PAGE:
TikTok’s owner, ByteDance, reportedly shelves its planned IPO after warnings from Chinese regulators
No day goes by without another negative headline about TikTok, a Chinese popular video-sharing app launched in 2017 by ByteDance for markets outside of China. TikTok is also notorious for privacy violations. Early this year, TikTok was caught harvesting and selling personal data of minor children without parents’ permission.
TikTok later agreed to pay $92 million to settle dozens of lawsuits, many from minors (some as young as 6 years old), alleging that the ByteDance-owned TikTok amassed users’ personal data without consent and sold it to advertisers. Now, TitTok’s parent company, ByteDance is facing a problem of its own.
Today, ByteDance reportedly put an indefinite on hold its plans for an initial public offering in the U.S. or Hong Kong after Chinese government officials asked the company to address its data security risks, the Wall Street Journal reported on Monday, citing people familiar with the situation.
For some time now, ByteDance had been weighing an initial public offering of all or some of its businesses in the U.S. or Hong Kong. However, according to the Journal, ByteDance founder Zhang Yiming decided it would be best to postpone the planned IPO indefinitely in late March after meetings with cyberspace and securities regulators who told the company to address data security and other issues.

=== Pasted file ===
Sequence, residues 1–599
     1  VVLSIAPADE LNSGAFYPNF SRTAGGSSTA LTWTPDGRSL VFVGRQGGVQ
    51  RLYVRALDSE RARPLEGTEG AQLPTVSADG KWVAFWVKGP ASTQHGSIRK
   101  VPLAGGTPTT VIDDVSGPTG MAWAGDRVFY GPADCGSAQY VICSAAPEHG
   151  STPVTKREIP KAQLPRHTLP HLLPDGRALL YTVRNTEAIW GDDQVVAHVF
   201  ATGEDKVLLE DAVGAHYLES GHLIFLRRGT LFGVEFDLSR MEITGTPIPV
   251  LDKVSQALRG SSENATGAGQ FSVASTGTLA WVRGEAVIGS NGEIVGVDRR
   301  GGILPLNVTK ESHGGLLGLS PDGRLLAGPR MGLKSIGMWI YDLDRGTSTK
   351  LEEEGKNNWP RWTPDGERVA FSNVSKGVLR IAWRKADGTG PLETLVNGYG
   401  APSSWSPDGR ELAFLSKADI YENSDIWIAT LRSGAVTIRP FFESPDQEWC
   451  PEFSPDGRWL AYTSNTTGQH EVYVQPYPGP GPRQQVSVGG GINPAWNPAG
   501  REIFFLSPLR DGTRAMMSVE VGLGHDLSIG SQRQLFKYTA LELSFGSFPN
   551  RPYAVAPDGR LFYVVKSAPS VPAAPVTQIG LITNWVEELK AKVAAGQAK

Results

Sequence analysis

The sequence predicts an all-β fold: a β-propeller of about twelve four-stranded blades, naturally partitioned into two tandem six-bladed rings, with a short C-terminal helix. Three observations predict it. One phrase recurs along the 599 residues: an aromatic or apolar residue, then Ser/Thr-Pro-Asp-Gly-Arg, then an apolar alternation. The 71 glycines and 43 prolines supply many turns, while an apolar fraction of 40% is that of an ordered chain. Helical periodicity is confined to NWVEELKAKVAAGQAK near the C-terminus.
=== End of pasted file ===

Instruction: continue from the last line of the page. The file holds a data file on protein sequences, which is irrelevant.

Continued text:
As we reported last week, Chinese regulators have intensified their efforts to crack down on tech companies in recent months. For example, the Cyberspace Administration of China (CAC) alleged that ride-sharing company DiDi had illegally collected users’ personal information. The authority later asked the ride-sharing company to fix the problems and ordered app stores in China to remove DiDi.
It all started in late 2020 when Chinese authorities imposed stricter enforcement on Chinese technology companies with “a sweeping antimonopoly crackdown and new rules to govern data collection and cybersecurity practices,” the Journal said.
ByteDance had other reasons for delaying the listing, including the fact that it didn’t have a chief financial officer at the time, the Journal reported. ByteDance hired Shou Zi Chew, a former executive at Chinese smartphone maker Xiaomi, as its CFO in March, fueling speculation about a potential IPO.
Founded in 2012, ByteDance is the developer of the video-sharing social networking services and apps TikTok and Douyin, the Chinese-specific counterpart to TikTok. The company owns a series of content platforms that enable people to connect with consuming and creating content through machine learning technology.
With nearly 200 million daily active users each spend an hour every day on their products, the company is dedicated to building connections between people and information.
Bytedance also operates a series of products popular with mobile users around the world, including Topbuzz, Flipagram, and a number of UGC short-form video apps.